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"Clinton disagreed with Sen. Marco Rubio’s (R-FL) assertion that the Paris attacks showed the U.S. was at war with ‘radical Islam.’

‘I don’t think we’re at war with Islam," Clinton said. "I don’t think we’re at war with all Muslims.’"

This text puts “war with radical Islam” as meaning “war with Islam” and “war with all Muslims” , at least to close enough in meaning to cover an area of disagreement.

It’s not. Although both Clinton, Rubio, and the author of this piece paint it the same way: Clinton, by responding to Rubio’s assertion with her wording, Rubio by letting conflations of Islam and Muslims with Daesh go unchallenged, and the author of this piece as shown.

Whatever we do with Daesh, at least let’s stop using this idiotic construction of Islam, Muslims, and Daesh.

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It’s refreshing to hear from someone who is aware of history (tip 'o the cap). As @Sooner said (here or on another thread) it’s the tribalism inherent in the mid-east that holds back their governance.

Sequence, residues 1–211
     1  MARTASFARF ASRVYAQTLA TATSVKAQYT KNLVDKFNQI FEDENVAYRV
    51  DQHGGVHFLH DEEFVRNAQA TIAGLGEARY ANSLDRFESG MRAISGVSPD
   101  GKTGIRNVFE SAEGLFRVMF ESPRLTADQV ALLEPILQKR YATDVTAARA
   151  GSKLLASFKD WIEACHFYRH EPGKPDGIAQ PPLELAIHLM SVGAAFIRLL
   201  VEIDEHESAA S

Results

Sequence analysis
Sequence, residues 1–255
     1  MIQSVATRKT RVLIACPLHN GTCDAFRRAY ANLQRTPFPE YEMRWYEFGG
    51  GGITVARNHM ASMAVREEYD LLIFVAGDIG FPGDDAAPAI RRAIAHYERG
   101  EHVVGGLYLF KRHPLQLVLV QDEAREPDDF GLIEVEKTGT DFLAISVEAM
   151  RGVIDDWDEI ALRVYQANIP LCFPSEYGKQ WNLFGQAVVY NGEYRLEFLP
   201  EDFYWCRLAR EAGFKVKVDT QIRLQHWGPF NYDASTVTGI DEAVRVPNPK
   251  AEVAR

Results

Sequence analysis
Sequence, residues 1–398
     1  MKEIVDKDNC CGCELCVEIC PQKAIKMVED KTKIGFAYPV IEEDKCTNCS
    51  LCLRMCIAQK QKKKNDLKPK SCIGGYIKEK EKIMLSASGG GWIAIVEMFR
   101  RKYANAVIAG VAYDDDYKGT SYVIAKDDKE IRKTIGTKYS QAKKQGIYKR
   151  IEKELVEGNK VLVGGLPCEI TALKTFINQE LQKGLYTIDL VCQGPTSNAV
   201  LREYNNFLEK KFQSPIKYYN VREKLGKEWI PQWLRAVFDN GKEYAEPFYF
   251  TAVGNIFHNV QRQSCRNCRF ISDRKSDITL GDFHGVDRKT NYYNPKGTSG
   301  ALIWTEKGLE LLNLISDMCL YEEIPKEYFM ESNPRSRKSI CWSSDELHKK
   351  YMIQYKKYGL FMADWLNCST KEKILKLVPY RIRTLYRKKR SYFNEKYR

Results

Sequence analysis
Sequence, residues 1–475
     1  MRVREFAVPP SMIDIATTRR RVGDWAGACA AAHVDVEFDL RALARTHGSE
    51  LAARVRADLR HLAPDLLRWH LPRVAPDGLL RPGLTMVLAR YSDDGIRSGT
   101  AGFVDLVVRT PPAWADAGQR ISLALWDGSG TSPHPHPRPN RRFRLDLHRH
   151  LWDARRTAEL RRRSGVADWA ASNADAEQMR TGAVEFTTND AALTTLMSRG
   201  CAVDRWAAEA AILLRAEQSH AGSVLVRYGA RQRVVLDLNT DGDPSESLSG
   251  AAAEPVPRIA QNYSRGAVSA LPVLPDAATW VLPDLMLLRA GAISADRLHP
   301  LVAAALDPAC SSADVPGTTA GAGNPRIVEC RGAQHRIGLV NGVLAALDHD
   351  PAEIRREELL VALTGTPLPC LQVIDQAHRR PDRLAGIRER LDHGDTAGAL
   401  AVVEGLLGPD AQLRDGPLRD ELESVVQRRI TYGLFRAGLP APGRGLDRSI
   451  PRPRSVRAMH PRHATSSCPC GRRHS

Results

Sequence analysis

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I wish the terrorist attacks in Nigeria or Lebanon or other “brown” countries got wall to wall coverage like we’re giving Paris.

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We have our own tribalism going on right now and it sure does militate against getting constructive stuff done. One thing to extend the thought about what history shows is that if there’s anything uniquely naughty and violent about Islam, it’s hard to explain how it could have been one of the organizing principles behind societies that for centuries were far more advanced in any way you might mention than the same period’s violent, ignorant, and generally pretty awful Christian Europe. Hospitals, universities, science, math, astronomy, literature, art, architecture, governance, it just goes on. And the thing is, this isn’t esoteric knowledge. Most liberal arts students are exposed to it. Cruz knows it perfectly well, with his education. SMH

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This is where old bernie lost me during the debate.

“Climate change is directly related to the growth of terrorism,”

OK, yes there is climate change and yes there is terrorism. But attempting to correlate the two? Not buying it. ISIS is not looking for food or water. They are sociopaths bent on annihilating those that don’t conform to or genuflect to their zealotry (sound familiar).